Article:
• Aside from all the things that may be "named", there are also influences that can't be this easily attributed and named, but they still exist. In particular, "the weather" always exists and is random – and it is often autocorrelated which means that you simply can't rely on the assumption that the weather over a 30-year period perfectly "averages out" to something that is predictable. I don't believe it's the case. Just like you may have a bad weather for weeks, "some kind of a bad weather" or a pattern may affect a region for decades or centuries. Some of the "modes" have been named and mentioned but others haven't or can't. My more ambitious point is that there is really no timescale above which the weather becomes irrelevant – weather is a scale-invariant phenomenon. Just like the weather often doesn't average out for a month (and your whole vacation sucks), it doesn't average out over a decade. For example, a system of winds or some circulation around Antarctica may "sit there" for a century and shield the Antarctica from the warming of the (almost whole) rest of the globe, but this circulation may disappear a century later (or any other time scale later). In order to make these qualitative observations useful, one must be quantitative and study "how large is the statistical leftover that doesn't average out" for various time intervals and other parameters of the averaging.
The broader point is that once you are trying to explain or predict the Earth's global mean temperature with the accuracy that is finer than 0.5 °C, you face the task of correctly quantifying the influences of very many effects from different parts of physical and Earth sciences. None of them is known too accurately and many of them are known extremely inaccurately which means that the amount of ignorance is very high for your purpose. It's at least a sociological fact that no one has been able to tame or quantify all these effects accurately enough so that others would consider his answer as the "obviously final one". So the strength of the greenhouse effect caused by gases different than water vapor (the main greenhouse gas which adds roughly 20 °C to the temperature on Earth) is at most as strong as many other effects we know – having contributed some 0.5 °C to the temperature over a century (or since my and Nye's year 1750).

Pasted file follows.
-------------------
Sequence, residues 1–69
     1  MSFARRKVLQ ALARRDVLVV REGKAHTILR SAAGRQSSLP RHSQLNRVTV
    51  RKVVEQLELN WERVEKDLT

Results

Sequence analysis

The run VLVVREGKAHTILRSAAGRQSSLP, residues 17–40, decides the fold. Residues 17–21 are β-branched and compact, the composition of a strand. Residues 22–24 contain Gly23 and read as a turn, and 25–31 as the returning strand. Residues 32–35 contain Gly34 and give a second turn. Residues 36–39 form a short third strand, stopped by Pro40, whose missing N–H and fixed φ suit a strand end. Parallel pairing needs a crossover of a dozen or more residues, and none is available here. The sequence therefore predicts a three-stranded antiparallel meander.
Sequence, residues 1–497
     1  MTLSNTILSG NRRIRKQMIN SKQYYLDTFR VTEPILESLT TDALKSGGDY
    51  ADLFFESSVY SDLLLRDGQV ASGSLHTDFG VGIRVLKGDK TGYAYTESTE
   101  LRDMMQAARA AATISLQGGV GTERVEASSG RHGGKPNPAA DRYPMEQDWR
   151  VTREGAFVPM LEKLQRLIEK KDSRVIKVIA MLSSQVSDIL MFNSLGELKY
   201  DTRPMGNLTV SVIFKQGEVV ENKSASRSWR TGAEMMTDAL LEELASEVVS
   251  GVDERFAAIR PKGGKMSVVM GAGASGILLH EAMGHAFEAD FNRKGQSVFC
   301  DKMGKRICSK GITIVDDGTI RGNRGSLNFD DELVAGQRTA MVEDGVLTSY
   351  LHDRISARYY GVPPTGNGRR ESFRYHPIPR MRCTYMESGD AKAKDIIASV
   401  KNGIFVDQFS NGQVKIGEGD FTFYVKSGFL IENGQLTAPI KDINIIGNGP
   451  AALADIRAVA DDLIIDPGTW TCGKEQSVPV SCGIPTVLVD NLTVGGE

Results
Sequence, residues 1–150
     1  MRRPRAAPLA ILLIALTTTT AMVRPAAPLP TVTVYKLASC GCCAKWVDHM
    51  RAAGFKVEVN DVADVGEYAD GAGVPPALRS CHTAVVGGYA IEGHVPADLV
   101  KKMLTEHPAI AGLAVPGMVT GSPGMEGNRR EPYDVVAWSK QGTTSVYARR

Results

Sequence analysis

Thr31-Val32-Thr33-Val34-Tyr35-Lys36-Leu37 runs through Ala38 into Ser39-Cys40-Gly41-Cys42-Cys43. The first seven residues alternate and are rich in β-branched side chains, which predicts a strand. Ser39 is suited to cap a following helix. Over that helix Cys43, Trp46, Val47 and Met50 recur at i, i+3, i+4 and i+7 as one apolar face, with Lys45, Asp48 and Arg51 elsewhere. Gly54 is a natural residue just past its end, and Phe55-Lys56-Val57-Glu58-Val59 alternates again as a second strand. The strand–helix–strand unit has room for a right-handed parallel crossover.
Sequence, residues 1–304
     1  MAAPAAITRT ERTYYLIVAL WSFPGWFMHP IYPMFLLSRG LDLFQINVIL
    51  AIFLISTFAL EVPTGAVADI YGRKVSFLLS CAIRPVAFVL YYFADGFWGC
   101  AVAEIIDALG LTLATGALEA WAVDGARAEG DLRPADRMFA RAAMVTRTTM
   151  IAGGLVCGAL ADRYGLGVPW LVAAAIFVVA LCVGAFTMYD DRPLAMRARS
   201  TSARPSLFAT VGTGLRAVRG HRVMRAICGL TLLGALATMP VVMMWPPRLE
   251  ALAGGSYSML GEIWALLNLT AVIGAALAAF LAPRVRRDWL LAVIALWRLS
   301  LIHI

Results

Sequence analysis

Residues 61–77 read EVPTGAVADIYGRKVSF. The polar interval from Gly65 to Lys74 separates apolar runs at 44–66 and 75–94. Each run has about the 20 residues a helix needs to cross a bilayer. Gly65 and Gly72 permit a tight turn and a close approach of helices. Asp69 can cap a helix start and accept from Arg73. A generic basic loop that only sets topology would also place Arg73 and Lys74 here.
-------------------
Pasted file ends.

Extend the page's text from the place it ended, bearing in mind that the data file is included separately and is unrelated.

So the answer to Carlson's question about "the degree" is that at timescales comparable to decades or a century, the man-made CO2 is responsible for a percentage of the global mean temperature change that is comparable to 50% but the precise number depends on the exact interval and the precise question asked about the interval – and the precise percentage isn't known to science, anyway. But it's known with near certainty that the percentage is neither above 95% nor below 5%. It is irrational to single out the greenhouse effect. The precise relative importance of the greenhouse effect and e.g. ocean cycles or volcanoes or variations in solar activity etc. isn't known. But it is known that it is impossible to describe the climate well while only taking one of these effects into account.

The carbon dioxide simply isn't the climate control knob, as Tom Nelson likes to repeat 30 times a day. ;-) At the same moment, we know that the volcanoes and other separately considered effects, while important for the sub-degree accuracy, aren't the universal and unique climate control knob, either, and the same may be said about (all or almost all) the other effects I have enumerated.